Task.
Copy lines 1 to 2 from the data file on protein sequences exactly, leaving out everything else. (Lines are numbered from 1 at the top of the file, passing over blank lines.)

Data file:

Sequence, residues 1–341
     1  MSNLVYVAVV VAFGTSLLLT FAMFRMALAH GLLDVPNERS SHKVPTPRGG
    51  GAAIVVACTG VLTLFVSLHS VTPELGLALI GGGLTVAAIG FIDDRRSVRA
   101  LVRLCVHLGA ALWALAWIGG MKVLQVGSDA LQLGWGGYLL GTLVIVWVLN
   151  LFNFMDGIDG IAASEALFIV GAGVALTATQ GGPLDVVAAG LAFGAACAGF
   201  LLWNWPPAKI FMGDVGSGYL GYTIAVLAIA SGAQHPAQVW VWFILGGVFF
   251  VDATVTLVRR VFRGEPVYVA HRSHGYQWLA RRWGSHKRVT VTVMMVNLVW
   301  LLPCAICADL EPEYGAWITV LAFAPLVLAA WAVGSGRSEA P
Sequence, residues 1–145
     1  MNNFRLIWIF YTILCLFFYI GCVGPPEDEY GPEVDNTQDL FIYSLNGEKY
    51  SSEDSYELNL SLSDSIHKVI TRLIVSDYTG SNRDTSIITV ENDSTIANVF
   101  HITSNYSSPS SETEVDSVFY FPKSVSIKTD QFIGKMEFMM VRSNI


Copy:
Sequence, residues 1–341
     1  MSNLVYVAVV VAFGTSLLLT FAMFRMALAH GLLDVPNERS SHKVPTPRGG